This preview has intentionally blurred sections. Sign up to view the full version.View Full Document
Unformatted text preview: Study Guide Exam 3 Chapter 7 Cash, Cash Equivalents, and Short Term Investments 1. Liquidity of an Asset: the amount of time necessary before the asset is converted into cash. 2. Liquidity of a Company: the ability of the company to pay their debts as they become due. 3. Primary Liquid Assets: as cash and cash equivalents, short term investments and receivables. 4. Cash a. Includes the fallowing i. Coin and currency on hand, including a petty cash fund ii. Checking and savings accounts at the bank iii. Money market funds that provide checking privileges iv. Un-deposited checks from customers v. Negotiable instrument such as money orders, certified checks, cashiers checks, personal checks and bank drafts. b. To be classified as cash, it must meet two conditions i. Be readily available for payment or current obligations ii. Be free from contractual restrictions that limit its use in paying debts 5. Cash Equivalents a. Short term investments that are readily convertible into know amounts of cash and have an original maturity of three months or less b. Cash equivalents include i. Money market funds that do not allow checking privileges ii. Commercial paper or “short-term paper” issued by corporations iii. Treasury bill (t-bills) issued by the federal government iv. Certificates of deposit (CDs) at a financial institution c. Two conditions must be met in order for the security to be classified as a “cash equivalent:” i. The security must be convertible into a know amount of cash. ii. The maturity date must be three months or less. d. If either or both of these conditions are not met, then the security would either be classified as a short-term or long-term investment, depending on the length of time until maturity. 6. Short Term Investment a. Commercial paper, treasury bills, and certificate of deposits with the maturity of more than three months are classified as short term investments, not as cash equivalents. If the maturity date is more than a year, then the security should be classified as a long-term investment. 7. Other rules regarding cash: a. Compensating balances – a minimum account balance required by the bank to be held in the company’s checking or savings account. Two main rules are: i. If the compensating balance is held against short-term borrowings, the amount should be stated separately among “cash and cash equivalents.” ii. If the balance is being held against long-term barrowings, the amount should be shown as a long-term asset under either the “long-term investments” or “other assets” categories.a long-term asset under either the “long-term investments” or “other assets” categories....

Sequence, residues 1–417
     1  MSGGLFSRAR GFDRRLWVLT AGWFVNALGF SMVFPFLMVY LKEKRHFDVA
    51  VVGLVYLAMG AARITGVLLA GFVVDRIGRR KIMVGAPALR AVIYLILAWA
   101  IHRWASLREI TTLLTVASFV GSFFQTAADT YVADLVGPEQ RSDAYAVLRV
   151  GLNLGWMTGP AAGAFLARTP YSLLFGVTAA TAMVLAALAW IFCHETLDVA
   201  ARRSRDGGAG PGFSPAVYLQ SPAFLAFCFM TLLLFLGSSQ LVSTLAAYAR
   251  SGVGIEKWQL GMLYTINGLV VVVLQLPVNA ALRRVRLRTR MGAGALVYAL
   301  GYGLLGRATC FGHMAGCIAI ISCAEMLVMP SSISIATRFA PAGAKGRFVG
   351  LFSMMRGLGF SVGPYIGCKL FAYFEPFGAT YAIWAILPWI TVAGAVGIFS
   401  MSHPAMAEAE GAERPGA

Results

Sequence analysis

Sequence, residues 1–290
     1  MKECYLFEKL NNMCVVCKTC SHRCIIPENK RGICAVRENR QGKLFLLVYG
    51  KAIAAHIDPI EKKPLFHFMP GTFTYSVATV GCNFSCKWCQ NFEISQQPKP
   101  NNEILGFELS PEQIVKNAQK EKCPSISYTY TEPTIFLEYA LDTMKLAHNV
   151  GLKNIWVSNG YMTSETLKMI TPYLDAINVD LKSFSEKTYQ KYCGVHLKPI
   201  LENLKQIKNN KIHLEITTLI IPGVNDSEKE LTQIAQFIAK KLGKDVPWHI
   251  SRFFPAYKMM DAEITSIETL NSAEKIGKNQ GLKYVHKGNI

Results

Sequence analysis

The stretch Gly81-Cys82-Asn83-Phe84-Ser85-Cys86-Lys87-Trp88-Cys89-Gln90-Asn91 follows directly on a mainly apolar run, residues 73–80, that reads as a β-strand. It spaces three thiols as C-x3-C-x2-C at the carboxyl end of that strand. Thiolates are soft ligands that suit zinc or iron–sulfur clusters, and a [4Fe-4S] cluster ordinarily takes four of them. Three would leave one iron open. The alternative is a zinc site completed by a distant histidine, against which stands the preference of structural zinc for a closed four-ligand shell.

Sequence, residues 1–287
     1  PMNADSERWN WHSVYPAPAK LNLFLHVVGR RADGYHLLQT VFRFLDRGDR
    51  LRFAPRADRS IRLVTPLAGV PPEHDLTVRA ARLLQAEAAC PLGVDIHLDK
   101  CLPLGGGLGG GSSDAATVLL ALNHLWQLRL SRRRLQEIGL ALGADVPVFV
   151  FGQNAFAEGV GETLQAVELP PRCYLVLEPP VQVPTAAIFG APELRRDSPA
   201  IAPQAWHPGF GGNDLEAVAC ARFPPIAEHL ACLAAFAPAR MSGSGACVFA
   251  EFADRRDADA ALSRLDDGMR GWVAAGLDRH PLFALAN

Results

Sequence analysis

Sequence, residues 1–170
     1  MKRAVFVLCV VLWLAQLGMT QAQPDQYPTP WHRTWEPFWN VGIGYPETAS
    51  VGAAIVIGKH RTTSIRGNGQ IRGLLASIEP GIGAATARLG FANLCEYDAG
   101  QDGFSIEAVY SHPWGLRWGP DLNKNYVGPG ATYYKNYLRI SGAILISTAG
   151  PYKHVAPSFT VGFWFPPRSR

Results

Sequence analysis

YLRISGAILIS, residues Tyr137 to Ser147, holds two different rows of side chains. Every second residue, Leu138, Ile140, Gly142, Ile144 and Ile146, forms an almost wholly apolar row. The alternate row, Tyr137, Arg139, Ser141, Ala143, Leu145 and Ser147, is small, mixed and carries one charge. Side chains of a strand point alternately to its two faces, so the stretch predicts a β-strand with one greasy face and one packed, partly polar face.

View Full Document
This note was uploaded on 04/15/2008 for the course MGMT 460 taught by Professor Lynn during the Spring '08 term at Abilene Christian University.
- Spring '08